The years between 1922 and 1929 saw frequent changes in government. In 1924, George appointed the first Labour Prime Minister, Ramsay MacDonald, in the absence of a clear majority for any one of the three major parties. George's tactful and understanding reception of the first Labour government[ (which lasted less than a year) allayed the suspicions of the party's sympathisers. During the General Strike of 1926 the King advised the government of Conservative Stanley Baldwin against taking inflammatory action,and took exception to suggestions that the strikers were "revolutionaries" saying, "Try living on their wages before you judge them."
1926 Imperial Conference: George V and the prime ministers of the Empire. Clockwise from centre front: George V, Baldwin (United Kingdom), Monroe (Newfoundland), Coates (New Zealand), Bruce (Australia), Hertzog (South Africa), Cosgrave (Irish Free State), King (Canada).
In 1926, George hosted an Imperial Conference in London at which the Balfour Declaration accepted the growth of the British Dominions into self-governing "autonomous Communities within the British Empire, equal in status, in no way subordinate one to another". The Statute of Westminster 1931 formalised the Dominions' legislative independence and established that the succession to the throne could not be changed unless all the Parliaments of the Dominions as well as the Parliament at Westminster agreed. The Statute's preamble described the monarch as "the symbol of the free association of the members of the British Commonwealth of Nations", who were "united by a common allegiance".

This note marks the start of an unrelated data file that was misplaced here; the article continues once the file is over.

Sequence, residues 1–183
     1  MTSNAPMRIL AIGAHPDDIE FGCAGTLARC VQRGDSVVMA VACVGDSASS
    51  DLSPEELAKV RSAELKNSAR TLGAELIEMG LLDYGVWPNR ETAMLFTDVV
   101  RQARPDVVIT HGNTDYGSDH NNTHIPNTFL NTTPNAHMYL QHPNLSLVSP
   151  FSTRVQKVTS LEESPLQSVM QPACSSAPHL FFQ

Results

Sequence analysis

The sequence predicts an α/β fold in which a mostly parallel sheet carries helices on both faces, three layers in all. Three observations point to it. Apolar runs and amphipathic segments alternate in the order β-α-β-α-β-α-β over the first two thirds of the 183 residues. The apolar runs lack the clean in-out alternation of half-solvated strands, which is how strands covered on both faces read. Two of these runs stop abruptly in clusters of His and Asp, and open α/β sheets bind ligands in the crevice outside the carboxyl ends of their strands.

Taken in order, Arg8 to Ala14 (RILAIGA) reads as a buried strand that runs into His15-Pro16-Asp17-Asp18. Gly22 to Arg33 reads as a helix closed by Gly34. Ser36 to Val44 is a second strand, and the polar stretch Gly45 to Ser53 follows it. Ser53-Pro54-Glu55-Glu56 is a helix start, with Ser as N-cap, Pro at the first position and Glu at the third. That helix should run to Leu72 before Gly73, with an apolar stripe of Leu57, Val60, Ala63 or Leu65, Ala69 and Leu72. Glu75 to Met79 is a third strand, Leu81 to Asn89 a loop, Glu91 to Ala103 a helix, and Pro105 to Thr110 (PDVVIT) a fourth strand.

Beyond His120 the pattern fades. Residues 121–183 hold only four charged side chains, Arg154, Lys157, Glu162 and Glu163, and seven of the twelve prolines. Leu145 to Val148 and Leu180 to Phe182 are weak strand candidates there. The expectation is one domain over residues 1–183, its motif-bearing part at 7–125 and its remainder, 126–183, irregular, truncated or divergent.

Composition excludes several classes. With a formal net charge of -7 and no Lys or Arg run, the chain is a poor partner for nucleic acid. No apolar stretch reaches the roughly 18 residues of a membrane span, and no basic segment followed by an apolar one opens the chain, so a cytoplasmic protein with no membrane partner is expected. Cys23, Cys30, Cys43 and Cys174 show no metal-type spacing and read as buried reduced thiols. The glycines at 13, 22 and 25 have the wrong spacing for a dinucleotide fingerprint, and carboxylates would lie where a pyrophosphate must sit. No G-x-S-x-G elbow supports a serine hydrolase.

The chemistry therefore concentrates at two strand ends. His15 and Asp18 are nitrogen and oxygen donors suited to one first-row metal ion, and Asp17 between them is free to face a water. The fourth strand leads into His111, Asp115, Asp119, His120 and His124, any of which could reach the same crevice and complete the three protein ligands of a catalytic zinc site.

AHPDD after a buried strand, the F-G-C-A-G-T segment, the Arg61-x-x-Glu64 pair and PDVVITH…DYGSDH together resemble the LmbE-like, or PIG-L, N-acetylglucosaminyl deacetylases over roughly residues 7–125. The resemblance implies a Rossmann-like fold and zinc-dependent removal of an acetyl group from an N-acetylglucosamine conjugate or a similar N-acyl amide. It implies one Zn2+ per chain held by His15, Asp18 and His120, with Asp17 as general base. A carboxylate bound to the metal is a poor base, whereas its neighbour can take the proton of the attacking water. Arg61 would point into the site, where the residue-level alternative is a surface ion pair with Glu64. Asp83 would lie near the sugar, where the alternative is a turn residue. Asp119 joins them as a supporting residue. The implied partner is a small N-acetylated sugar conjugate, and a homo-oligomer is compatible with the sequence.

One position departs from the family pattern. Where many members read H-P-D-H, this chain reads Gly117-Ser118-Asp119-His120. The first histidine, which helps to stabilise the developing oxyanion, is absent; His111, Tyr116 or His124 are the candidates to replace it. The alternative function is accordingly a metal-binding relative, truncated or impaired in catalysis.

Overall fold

In the wake of a world financial crisis, the King encouraged the formation of a National Government in 1931 led by MacDonald and Baldwin, and volunteered to reduce the civil list to help balance the budget. He was concerned by the rise to power in Germany of Adolf Hitler and the Nazi Party. In 1934, the King bluntly told the German ambassador Leopold von Hoesch that Germany was now the peril of the world, and that there was bound to be a war within ten years if Germany went on at the present rate; he warned the British ambassador in Berlin, Eric Phipps, to be suspicious of the Nazis.
In 1932, George agreed to deliver a Royal Christmas speech on the radio, an event that became annual thereafter. He was not in favour of the innovation originally but was persuaded by the argument that it was what his people wanted. By the Silver Jubilee of his reign in 1935, he had become a well-loved king, saying in response to the crowd's adulation, "I cannot understand it, after all I am only a very ordinary sort of fellow."
George's relationship with his eldest son and heir, Edward, deteriorated in these later years. George was disappointed in Edward's failure to settle down in life and appalled by his many affairs with married women. In contrast, he was fond of his second son, Prince Albert (later George VI), and doted on his eldest granddaughter, Princess Elizabeth; he nicknamed her "Lilibet", and she affectionately called him "Grandpa England". In 1935, George said of his son Edward: "After I am dead, the boy will ruin himself within 12 months", and of Albert and Elizabeth: "I pray to God my eldest son will never marry and have children, and that nothing will come between Bertie and Lilibet and the throne."